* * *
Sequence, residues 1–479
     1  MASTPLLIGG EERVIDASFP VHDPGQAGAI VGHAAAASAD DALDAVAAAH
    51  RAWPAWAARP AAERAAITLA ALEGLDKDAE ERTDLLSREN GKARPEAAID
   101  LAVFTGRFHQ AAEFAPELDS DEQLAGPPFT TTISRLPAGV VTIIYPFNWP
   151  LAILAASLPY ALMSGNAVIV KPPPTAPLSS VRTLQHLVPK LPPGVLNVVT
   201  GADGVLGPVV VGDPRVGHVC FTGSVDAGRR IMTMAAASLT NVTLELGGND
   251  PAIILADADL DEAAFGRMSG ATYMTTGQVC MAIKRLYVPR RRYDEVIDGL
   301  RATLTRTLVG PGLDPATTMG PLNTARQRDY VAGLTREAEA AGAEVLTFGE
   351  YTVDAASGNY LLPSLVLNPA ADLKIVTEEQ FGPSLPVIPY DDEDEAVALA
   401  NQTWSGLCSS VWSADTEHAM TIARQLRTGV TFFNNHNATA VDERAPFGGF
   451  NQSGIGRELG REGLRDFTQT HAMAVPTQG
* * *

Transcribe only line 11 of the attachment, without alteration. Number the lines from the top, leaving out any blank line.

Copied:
   451  NQSGIGRELG REGLRDFTQT HAMAVPTQG